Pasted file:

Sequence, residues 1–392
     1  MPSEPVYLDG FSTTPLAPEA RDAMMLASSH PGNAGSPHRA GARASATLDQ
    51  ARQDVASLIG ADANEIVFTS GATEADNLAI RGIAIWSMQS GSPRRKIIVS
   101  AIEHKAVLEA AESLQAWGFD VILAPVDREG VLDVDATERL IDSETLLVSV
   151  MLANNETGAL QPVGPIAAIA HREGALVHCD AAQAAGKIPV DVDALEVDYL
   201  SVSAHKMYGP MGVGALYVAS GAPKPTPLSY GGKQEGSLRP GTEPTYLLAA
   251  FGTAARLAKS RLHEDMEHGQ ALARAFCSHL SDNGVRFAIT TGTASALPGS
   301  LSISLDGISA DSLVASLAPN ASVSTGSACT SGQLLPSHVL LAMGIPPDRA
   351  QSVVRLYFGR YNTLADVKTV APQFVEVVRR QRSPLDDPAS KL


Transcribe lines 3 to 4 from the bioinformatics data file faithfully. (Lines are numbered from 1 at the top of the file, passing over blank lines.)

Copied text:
    51  ARQDVASLIG ADANEIVFTS GATEADNLAI RGIAIWSMQS GSPRRKIIVS
   101  AIEHKAVLEA AESLQAWGFD VILAPVDREG VLDVDATERL IDSETLLVSV